Penelope Knox Fitzgerald was born on 17 December 1916 and died on 28 April 2000. She came from an upper middle class English family. Her older relatives and parents included a bishop, the editor of an influential magazine, and other writers and professors. She attended the elite Wycombe Abbey boarding school and Oxford.
After graduating, she worked for the BBC. In 1942 she married Desmond Fitzgerald, who was studying for the bar. After the war, they moved to London and jointly edited a literary magazine. Desmond suffered from alcoholism and was disbarred as a lawyer. The family descended into poverty and Penelope started teaching in the 1960s to support herself, her husband, and their children.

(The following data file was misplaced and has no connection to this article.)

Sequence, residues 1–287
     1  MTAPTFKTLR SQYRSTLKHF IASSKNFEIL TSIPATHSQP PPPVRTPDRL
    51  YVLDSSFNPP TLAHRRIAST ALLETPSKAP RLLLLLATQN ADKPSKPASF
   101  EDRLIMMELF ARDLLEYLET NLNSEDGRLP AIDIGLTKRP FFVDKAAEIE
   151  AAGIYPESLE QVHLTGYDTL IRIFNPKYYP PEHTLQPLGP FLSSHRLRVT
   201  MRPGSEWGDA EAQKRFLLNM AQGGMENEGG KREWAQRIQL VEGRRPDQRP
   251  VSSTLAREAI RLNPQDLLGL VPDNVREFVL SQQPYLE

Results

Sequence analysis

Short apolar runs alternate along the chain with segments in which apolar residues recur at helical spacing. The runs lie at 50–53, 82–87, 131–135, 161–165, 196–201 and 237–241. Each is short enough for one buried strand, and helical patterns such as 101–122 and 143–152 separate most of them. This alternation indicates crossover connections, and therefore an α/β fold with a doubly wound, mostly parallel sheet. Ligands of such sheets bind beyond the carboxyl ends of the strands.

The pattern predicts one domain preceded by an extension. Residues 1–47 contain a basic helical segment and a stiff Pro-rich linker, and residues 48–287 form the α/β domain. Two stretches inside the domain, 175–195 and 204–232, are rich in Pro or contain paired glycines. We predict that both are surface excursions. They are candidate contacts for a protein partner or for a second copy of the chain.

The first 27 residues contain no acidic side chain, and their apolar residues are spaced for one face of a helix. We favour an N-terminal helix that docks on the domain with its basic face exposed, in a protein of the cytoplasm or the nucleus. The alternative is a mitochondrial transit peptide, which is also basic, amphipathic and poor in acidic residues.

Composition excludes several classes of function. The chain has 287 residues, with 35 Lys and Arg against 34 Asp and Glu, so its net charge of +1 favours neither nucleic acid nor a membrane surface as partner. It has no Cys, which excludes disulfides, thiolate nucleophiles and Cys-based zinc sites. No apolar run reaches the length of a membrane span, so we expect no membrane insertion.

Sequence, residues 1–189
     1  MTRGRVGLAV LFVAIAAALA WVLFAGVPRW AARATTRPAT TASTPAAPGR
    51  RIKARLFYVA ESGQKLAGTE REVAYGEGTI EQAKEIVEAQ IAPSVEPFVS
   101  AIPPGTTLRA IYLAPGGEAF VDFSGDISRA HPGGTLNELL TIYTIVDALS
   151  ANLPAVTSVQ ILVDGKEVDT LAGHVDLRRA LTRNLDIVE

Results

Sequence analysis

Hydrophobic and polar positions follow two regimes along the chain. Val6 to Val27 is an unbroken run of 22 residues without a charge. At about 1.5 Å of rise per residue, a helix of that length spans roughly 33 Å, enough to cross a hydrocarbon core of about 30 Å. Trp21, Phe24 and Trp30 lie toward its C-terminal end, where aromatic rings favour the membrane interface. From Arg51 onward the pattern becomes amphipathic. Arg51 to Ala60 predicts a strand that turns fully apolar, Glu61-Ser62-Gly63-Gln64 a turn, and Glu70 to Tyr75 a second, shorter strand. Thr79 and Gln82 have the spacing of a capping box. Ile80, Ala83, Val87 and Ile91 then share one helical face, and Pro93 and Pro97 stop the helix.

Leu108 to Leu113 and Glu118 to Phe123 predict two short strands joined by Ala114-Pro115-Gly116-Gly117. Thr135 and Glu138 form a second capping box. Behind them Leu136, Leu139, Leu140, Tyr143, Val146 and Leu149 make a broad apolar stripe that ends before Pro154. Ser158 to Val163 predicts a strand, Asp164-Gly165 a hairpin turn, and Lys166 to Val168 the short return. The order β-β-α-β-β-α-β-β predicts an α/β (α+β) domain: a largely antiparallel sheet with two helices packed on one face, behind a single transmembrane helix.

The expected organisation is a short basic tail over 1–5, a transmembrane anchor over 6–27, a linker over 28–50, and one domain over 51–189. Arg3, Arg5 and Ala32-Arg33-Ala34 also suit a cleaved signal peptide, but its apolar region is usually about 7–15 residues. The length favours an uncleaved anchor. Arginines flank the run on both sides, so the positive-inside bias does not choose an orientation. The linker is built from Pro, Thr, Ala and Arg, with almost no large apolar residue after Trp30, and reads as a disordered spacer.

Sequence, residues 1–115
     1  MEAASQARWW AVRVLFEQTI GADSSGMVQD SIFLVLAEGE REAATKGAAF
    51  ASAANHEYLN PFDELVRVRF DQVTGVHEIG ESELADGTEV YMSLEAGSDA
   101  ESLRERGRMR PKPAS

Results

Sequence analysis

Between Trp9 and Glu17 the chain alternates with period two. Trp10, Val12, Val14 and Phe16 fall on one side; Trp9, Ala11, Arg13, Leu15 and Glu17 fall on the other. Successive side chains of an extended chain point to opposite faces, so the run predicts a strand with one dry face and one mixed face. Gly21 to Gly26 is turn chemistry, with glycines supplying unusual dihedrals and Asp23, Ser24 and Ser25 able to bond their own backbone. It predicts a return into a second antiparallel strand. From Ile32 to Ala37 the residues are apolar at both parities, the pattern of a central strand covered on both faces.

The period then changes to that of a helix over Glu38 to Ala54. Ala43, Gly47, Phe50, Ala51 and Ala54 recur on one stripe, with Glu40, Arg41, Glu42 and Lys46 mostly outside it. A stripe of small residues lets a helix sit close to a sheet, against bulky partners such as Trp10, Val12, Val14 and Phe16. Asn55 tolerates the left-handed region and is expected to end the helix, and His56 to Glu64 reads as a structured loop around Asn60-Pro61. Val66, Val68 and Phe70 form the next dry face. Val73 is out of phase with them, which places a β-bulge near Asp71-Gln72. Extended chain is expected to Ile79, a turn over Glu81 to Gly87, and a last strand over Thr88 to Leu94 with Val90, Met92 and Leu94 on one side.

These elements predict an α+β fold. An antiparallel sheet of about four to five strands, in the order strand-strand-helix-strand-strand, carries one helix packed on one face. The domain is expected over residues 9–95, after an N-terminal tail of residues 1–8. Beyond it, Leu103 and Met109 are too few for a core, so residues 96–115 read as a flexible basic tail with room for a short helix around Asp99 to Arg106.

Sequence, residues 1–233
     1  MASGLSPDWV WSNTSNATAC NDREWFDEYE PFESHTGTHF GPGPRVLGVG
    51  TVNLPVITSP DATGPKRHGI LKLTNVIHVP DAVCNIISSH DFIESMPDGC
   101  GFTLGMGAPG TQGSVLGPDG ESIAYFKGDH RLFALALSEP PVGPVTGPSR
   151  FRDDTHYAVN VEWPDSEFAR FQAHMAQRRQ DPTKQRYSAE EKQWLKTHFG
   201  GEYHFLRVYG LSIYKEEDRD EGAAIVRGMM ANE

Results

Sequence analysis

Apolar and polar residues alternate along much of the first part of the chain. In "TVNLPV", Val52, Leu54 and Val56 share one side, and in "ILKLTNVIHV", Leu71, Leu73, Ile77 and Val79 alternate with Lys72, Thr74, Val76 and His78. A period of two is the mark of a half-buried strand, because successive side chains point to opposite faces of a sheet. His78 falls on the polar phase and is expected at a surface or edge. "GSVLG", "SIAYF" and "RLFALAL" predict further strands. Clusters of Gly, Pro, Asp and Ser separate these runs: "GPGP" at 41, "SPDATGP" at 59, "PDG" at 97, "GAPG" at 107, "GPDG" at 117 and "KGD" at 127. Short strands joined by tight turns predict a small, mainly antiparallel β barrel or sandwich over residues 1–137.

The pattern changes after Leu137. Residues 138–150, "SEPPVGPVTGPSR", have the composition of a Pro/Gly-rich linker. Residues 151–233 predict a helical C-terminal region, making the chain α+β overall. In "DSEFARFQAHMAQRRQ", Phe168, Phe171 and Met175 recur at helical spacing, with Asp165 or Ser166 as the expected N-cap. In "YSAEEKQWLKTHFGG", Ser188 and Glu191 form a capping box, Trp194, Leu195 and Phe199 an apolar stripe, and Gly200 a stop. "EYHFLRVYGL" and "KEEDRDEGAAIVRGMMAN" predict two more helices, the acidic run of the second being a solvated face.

Penelope published her first book in 1975, a biography of painter Edward Burne-Jones, when she was 58 years old. This was followed by a biography of her father and his brother in 1976, and then several novels with both historical and contemporary settings.
She won the 1979 Booker Prize for her novel Offshore and was awarded the 1999 Golden PEN Award for "a Lifetime's Distinguished Service to Literature."